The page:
Australia Rate-Rigging Case Adjourned as Banks Discuss Settlement

By Robb M. Stewart Features Dow Jones Newswires

MELBOURNE, Australia--The trial of three of Australia's biggest banks on allegations of rigging the country's benchmark interest rate was adjourned until next week to allow the lenders more time to negotiate a settlement with the corporate regulator.

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Judge Jonathan Beach agreed to postpone hearings until Monday, but indicated that if there was no agreement then the trial would start the next day. With Australia & New Zealand Banking Group Ltd. and National Australia Bank Ltd. negotiating with the regulator, that could leave Westpac Banking Corp. alone to defend against the Australian Securities and Investment Commission's case.

The request for an adjournment was made by ANZ, NAB and ASIC to provide further time for talks. Westpac made no objection to a delay, though its lawyers were ready for the case to begin.

Just before the trial was set to start on Monday, ANZ and the securities commission asked for a 48-hour halt to proceedings in order to work through the details of an in-principle settlement. No details of the agreement have been disclosed, although ANZ said the financial cost would be reflected in its annual results due to be released Thursday and largely covered by provisioning.

NAB continues to negotiate with the regulator.

The regulator launched legal action against each of the banks last year, alleging market manipulation and unconscionable conduct for their involvement in setting the bank-bill swap rate over periods between 2010 and 2012. It claimed the banks used products priced or valued off the BBSW to maximize profits or minimize losses.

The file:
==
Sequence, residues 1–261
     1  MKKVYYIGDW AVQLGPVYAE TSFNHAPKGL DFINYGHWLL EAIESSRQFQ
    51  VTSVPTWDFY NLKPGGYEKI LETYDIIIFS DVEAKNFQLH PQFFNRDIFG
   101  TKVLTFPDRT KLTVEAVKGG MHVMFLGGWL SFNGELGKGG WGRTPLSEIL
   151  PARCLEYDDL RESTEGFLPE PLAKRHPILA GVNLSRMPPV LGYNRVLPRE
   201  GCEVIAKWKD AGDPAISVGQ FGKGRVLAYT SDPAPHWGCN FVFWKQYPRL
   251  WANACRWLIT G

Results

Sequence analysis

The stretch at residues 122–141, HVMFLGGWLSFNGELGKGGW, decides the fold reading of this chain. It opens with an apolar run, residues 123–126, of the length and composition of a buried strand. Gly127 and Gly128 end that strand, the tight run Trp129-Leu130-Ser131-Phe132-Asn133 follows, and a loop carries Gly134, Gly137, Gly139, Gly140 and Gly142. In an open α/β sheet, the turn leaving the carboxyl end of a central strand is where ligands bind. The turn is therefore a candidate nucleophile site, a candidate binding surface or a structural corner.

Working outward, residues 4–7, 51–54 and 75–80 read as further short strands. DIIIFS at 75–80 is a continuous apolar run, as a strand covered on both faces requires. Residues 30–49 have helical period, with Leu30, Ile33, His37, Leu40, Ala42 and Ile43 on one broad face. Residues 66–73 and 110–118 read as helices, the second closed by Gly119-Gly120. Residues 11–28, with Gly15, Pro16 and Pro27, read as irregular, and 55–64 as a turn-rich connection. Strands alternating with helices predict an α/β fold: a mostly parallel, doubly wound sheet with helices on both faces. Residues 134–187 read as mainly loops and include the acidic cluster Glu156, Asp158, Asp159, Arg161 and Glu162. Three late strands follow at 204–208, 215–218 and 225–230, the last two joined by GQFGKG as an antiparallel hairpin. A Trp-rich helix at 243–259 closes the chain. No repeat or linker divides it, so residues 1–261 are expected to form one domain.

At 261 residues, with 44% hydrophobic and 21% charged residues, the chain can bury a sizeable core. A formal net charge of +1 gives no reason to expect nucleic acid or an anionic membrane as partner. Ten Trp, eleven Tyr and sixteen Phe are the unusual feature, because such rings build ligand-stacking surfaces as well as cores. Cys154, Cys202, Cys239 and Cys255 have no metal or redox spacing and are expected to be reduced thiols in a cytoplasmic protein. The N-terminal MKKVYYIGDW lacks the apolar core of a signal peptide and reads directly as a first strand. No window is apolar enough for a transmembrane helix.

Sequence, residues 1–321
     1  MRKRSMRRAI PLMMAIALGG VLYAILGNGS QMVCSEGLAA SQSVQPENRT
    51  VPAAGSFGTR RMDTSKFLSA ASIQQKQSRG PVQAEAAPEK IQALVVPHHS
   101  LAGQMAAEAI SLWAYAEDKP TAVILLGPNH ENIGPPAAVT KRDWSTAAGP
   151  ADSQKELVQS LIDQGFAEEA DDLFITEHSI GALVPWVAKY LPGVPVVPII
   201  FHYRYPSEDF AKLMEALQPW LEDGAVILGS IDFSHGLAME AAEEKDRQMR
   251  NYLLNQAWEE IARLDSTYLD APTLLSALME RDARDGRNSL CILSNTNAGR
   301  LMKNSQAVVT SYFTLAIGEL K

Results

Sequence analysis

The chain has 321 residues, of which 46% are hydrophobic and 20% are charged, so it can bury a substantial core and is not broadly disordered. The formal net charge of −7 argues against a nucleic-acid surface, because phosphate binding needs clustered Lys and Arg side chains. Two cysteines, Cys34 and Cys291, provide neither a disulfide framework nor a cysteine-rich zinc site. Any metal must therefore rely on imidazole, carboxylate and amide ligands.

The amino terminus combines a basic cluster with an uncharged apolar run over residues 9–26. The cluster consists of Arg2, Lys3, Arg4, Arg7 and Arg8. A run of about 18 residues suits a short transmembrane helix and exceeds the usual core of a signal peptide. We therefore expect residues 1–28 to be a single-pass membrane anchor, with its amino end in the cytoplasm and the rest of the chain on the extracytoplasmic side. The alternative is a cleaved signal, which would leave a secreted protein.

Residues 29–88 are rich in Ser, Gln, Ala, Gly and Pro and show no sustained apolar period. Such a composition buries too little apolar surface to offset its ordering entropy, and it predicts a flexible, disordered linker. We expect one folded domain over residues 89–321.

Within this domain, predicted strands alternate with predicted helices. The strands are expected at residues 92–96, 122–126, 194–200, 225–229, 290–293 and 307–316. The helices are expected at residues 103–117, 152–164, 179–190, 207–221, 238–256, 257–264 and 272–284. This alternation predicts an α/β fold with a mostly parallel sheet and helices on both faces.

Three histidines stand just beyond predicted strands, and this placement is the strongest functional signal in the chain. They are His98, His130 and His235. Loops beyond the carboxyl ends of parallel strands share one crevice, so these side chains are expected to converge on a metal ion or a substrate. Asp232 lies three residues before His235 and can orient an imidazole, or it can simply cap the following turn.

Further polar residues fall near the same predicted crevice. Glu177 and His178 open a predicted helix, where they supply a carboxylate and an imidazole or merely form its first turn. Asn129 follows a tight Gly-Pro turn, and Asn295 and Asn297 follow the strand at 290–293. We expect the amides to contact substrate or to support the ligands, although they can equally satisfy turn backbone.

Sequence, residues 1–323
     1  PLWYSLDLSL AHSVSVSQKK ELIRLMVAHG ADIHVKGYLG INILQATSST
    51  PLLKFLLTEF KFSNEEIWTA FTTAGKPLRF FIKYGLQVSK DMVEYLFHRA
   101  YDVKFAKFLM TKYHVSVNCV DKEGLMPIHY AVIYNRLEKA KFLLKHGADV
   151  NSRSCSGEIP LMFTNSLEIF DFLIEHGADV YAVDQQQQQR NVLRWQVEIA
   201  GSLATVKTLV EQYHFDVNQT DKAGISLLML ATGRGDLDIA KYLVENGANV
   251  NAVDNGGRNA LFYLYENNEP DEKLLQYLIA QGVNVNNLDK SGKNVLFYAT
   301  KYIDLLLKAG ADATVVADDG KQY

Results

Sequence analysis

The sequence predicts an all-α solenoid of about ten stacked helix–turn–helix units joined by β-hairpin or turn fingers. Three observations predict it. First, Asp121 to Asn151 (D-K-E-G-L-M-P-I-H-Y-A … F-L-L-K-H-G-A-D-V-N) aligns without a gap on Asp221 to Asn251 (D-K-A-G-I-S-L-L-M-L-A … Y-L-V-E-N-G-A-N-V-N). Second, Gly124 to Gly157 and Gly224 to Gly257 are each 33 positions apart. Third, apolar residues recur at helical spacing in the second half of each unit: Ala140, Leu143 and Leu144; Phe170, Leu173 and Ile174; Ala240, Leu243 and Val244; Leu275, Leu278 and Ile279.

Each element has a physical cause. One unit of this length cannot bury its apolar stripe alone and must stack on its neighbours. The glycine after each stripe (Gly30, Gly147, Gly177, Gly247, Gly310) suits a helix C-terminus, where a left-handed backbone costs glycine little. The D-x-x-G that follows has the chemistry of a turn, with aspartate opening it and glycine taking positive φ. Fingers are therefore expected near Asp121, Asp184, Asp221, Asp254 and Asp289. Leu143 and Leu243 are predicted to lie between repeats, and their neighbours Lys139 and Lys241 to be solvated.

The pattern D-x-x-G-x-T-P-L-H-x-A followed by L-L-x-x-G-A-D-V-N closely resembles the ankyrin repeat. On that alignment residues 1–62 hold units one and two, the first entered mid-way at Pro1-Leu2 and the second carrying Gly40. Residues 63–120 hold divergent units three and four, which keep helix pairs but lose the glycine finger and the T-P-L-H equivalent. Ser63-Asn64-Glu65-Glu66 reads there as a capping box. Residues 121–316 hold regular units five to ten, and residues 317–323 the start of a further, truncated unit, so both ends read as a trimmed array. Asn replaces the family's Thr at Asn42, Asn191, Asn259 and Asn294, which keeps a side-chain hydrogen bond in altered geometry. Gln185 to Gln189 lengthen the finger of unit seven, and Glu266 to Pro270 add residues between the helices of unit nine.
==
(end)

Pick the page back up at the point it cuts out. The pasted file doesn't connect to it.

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Each of the banks denied the allegations, and none has been accused of collusion. Of the three, Westpac faces the fewest charges.

The BBSW is the primary benchmark for the country's financial markets. Before September 2013, it was based on submissions from up to 14 local and overseas banks. After eliminating the highest and lowest, the Australian Financial Markets Association calculated the mean of the rest. Since September 2013, the benchmark has used an electronic compilation of the midpoint in the locally traded market for reference bank bills, eliminating the need for submissions from the banks.

In its statement of claim against Westpac, the securities commission alleged Westpac traded in a way intended to create an artificial price for bank bills on 16 occasions between April 2010 and June 2012. At the time, Westpac said it didn't believe the bank or any of its employees acted unlawfully in instances detailed by ASIC, and it disagreed with the regulator's interpretation of internal communications between employees and its assessment of trading activity.

A spokesman for Westpac declined to comment on the trial.

In an earlier claim against ANZ, the regulator alleged 44 instances of market manipulation, unconscionable conduct and other unlawful behavior between March 2010 and May 2012.

The case against NAB focuses on trading on 50 occasions between June 2010 and the end of 2012.

Write to Robb M. Stewart at robb.stewart@wsj.com

(END) Dow Jones Newswires

October 24, 2017 21:00 ET (01:00 GMT)